Thai Rath: It cannot be denied that this is a military parliament
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Thai Rath: It cannot be denied that this is a military parliament

Sunday’s political analysis in Thai Rath carries a warning for the junta as summarized below:

The image of a military* parliament/legislature cannot be denied (ปฏิเสธไม่ได้กับภาพ “สภาท็อปบูต”). There was a quota for the various branches of the military. In the end, at least 100 of the NLA members are from the military and this doesn’t include police, civil servants, and state enterprise executives. The end result is complete control.

The NCPO has almost complete power over the NLA in the constitution [analysis goes into detail, but BP has already outlined it in this post so won’t summarize again]. This makes it convenient and quick to proceed with the roadmap, but this is also a negative point as well. The NCPO has control over the legislature and can push a button and they get what they want. These powers can also be used to provide benefits to their own, for example, with tax legislation. They won’t face the same obstacles that an elected parliament faces in normal times. This is what is dangerous and needs to be remembered.

We have seen with elected governments. They are in power. They don’t fulfil their goals as promised to the people. Power is used to benefit their own. They don’t listen to others and use their majority. They are then opposed and we have protests in the streets especially by the middle classes. This is what led to the coup.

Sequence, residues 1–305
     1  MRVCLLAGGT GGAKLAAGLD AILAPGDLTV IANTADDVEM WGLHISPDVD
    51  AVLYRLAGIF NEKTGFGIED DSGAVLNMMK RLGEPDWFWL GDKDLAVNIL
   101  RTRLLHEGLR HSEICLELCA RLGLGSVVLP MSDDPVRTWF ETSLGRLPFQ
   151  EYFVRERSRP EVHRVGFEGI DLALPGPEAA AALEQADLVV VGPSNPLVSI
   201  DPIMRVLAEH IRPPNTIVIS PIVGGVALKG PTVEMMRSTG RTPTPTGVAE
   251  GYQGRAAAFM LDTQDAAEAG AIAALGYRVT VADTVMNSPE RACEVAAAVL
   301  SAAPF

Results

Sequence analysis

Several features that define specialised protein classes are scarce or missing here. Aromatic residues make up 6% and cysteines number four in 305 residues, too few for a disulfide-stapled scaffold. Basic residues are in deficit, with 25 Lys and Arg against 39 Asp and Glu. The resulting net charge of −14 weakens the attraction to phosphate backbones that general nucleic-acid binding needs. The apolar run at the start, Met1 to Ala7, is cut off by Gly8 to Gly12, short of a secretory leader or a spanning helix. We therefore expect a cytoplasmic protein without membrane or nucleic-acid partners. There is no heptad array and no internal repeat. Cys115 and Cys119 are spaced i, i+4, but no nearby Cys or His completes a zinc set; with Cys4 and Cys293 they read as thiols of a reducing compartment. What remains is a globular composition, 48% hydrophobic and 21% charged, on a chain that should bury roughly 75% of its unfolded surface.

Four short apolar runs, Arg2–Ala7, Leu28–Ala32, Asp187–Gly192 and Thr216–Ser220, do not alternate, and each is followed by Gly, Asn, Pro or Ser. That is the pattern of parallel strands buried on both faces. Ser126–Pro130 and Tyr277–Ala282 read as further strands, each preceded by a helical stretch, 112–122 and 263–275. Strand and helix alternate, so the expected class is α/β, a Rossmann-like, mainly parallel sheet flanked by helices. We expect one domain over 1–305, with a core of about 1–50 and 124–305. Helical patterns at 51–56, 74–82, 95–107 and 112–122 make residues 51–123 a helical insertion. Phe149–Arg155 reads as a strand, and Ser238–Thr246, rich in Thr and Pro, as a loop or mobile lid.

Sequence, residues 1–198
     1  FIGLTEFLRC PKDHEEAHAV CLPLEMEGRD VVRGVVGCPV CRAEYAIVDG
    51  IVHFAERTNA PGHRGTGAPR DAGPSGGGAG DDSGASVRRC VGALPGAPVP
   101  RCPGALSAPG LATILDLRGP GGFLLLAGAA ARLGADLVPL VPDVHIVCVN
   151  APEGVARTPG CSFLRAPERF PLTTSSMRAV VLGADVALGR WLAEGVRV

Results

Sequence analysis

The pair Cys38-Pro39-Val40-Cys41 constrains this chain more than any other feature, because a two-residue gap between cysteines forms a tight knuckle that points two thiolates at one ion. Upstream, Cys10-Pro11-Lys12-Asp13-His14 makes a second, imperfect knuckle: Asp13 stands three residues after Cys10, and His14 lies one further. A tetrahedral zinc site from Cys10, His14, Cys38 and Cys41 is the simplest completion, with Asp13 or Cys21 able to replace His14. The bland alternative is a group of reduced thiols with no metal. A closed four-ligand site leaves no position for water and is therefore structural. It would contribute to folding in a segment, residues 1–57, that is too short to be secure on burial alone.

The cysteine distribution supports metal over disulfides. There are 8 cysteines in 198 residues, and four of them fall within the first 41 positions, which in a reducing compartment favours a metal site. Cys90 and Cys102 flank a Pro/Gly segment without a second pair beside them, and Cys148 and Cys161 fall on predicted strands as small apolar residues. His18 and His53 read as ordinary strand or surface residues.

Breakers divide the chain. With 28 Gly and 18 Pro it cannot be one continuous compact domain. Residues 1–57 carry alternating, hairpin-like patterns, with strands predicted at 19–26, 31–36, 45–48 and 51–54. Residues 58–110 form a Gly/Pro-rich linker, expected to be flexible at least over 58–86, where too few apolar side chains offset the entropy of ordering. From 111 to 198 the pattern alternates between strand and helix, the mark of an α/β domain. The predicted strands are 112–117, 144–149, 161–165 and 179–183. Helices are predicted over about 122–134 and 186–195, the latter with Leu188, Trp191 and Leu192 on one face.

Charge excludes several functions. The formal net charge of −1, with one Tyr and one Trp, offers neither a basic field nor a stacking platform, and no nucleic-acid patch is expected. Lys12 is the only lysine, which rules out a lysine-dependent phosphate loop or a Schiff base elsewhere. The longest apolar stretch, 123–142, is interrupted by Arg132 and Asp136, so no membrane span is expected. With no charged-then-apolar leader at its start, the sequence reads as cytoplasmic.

Now, politicians have been banished from the NLA and the NCPO is like a political party now who controls half of parliament although it has even more control [than an elected government].

A majority of people have allowed the military to take over for large scale reform of the country as they are bored with politicians who continue to fight. The [people] want the [military] to implement new rules. The people are behind them to carry this out, but it doesn’t mean they will allow they to use absolute power for everything. With the control the military has now in the parliament it is more dangerous than a parliamentary dictatorship from an election as there is no opposition that can oppose laws. There is no process for full consideration of all issues.

Then under the system when a button can be pushed an action is taken, the [NLA] will proceed. Society won’t be listened too. Voices outside of parliament won’t be listened too. The surreptitious adding of laws or obscuring of giving benefits to some interests is there. A military legislature is unlikely to be different from an elected one. Don’t forget that they came into power by overthrowing [the Yingluck government] because of failure to listen to the people. Don’t repeat this [mistake].

BP: Not sure that BP agrees with some of what Thai Rath says, but will say that if you keep things bottled up and don’t allow people to vent their opinions that this can lead to an explosion at some point. For now this is in check because of the fear of the military stick, but how long will this last and what will be the trigger? As we are in Phase 2 and the security phase is over, how much dissent will the military allow? How much of a watchdog will the (mostly compliant) press be?**

If what the military was planning to do was so popular then why not have a referendum instead of these inane arguments that it will create division on society. Who will guard our military guardians?

*The transliteration of the Thai term is ‘top boot’, but this is a colloquial term in Thai – having been adopted from English – to refer to the military.

**Yet to see many critiques of the military giving themselves amnesty. Remembering that amnesty was seen as epitomy of evil last year and key factor in the anti-Thaksin forces being able to mobilize so many people against the Yingluck government, yet now it is glossed over and we are told it is normal.